Nakache said Lesieur was an unbelievable actor. “During the shoot, we asked Benjamin, ‘Do that again, get back into place, go back to the beginning, come on, we’re going to do another take,’ and he was perfect, just like all the other professional actors. Talking with the doctors, we realized that the cinema uses a very autistic-like process of repetition: supervised and repetitive...  He sometimes put his head on a technician’s shoulder. We were ourselves experiencing exactly what we were talking about in the film.”
The filmmakers, who have been working together for more than 20 years and are both French Jews from North African Mizrahi backgrounds, seem like the ideal people to take on the difficult task of teaching people with autism to express themselves on film. Although they are among the most high-powered filmmakers in Europe, they are soft spoken and calm, finishing each other’s sentences gently. They seem like those guys who were always clowning around in high school, but somehow you knew they were actually the smartest people in the class.
They got to know Stéphane Benhamou, the model for the character of Bruno, when they were working at a summer camp in the 90s, and Benhamou later worked with Toledano’s autistic cousin. Benhamou’s work with autistic people in an organization sponsored by Chabad called Le Silence des Justes (The Silence of the Righteous) inspired them to make the film, and they also included the story of Benhamou’s real-life Muslim colleague, Daoud Tatou, who works with youth from underprivileged communities. Just as the film shows, they said, Benhamou and Tatou’s work brings together Jews and Muslims, who collaborate harmoniously to help those with special needs and other problems.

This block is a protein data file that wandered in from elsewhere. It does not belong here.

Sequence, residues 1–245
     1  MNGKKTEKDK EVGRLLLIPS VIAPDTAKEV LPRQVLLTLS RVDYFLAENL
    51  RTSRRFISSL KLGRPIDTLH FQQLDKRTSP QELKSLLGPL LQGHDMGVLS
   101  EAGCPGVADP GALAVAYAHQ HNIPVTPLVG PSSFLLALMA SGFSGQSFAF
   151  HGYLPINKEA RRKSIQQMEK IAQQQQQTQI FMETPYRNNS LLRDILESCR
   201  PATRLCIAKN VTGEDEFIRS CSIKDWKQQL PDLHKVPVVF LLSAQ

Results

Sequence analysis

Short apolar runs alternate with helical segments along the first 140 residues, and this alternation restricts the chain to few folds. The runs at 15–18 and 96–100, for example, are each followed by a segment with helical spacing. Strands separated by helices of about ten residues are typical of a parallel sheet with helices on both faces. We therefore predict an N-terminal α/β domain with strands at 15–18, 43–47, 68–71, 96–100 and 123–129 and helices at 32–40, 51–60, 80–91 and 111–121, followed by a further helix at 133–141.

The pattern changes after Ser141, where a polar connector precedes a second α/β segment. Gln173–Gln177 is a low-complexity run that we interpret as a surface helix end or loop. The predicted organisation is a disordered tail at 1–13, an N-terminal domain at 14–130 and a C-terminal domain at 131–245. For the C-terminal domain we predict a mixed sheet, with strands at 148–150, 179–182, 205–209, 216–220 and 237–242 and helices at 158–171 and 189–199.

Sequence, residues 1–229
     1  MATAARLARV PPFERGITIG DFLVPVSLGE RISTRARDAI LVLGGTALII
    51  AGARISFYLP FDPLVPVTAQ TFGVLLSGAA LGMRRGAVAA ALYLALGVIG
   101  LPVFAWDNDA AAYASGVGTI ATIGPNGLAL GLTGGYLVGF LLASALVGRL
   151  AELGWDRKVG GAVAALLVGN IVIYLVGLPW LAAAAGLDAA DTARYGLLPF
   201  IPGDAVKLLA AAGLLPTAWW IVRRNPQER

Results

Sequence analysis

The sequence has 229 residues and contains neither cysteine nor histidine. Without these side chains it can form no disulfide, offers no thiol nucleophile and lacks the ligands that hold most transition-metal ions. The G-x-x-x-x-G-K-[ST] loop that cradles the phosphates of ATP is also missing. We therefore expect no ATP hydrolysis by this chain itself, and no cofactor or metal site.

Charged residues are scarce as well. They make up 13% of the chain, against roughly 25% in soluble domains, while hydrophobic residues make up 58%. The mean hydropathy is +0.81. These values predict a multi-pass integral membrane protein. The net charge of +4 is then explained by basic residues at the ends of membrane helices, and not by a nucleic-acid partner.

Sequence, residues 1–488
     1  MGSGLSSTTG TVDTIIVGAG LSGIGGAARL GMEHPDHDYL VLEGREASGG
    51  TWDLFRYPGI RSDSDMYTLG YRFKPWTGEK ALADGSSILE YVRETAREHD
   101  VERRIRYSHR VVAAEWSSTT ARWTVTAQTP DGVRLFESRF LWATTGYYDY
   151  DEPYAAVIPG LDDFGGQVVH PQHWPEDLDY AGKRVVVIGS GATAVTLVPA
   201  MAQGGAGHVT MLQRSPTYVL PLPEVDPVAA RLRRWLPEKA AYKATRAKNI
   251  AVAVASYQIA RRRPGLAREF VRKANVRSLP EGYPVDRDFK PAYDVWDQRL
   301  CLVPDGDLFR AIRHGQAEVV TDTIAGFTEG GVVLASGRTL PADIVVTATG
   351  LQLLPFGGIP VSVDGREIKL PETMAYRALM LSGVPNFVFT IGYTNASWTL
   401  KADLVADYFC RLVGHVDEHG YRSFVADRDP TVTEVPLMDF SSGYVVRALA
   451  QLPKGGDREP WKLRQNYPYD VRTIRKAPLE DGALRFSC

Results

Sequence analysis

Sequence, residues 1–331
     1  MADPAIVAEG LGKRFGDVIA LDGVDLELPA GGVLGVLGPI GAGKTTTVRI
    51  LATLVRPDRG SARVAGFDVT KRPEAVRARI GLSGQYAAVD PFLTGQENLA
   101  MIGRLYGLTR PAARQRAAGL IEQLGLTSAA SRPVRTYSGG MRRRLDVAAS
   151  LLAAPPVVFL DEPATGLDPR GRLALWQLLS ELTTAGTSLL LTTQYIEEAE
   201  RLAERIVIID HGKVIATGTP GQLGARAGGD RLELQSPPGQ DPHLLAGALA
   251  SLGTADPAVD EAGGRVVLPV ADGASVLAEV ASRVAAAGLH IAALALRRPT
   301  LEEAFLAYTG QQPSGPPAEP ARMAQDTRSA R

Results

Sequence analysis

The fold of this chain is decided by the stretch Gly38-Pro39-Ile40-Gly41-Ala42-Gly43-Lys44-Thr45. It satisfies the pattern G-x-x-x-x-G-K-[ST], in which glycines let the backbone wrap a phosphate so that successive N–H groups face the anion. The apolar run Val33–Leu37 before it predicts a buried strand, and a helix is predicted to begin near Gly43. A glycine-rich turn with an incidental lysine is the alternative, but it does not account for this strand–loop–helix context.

“Our movies always talk about implausible encounters. This one had a particular theme: how people who communicate little, or not at all, and are considered abnormal, but still manage to make so-called ‘normal’ people who in our society no longer communicate, communicate. There is in these associations a harmony and blend of cultures, religions, identities and unusual pasts which should inspire many people,” said Toledano.
The comedy around Bruno’s single status is one of the highlights of the film, as his Chabad coworkers never give up on trying to fix him up.
“Now, after the film came out [in France], everyone at all the news outlets knows what ‘shidduch’ means,” said Nakache.
The comedy in the film highlights what is perhaps its greatest achievement: not only its accurate depiction of more severely afflicted autistic people, but that it finds hope in their stories without being stupidly or unrealistically upbeat.
“I think enough directors talk about bad things,” said Toledano. “We want to talk about hope.”
When they met Woody Allen, one of their idols, he told them that he had enjoyed The Intouchables, and said, “I’m a pessimistic Ashkenazi, you’re optimistic Mizrahim,” recalled Nakache,
For many parents of children with autism, who have never before seen our struggles depicted accurately on the big screen, the film is a revelation. If only the bureaucrats and public officials in charge of setting policies for people with autism knew half as much about their daily lives as Nakache and Toledano do.
Their loving portrait of Benhamou reminded me and my friends of the teachers who have worked tirelessly to improve the lives of our children, for little money and even less prestige and recognition. The title of this film, The Specials, could just as easily refer to the specialness of these generous professionals as to people with special needs, as well as to these outstanding directors who have illuminated these stories so affectingly.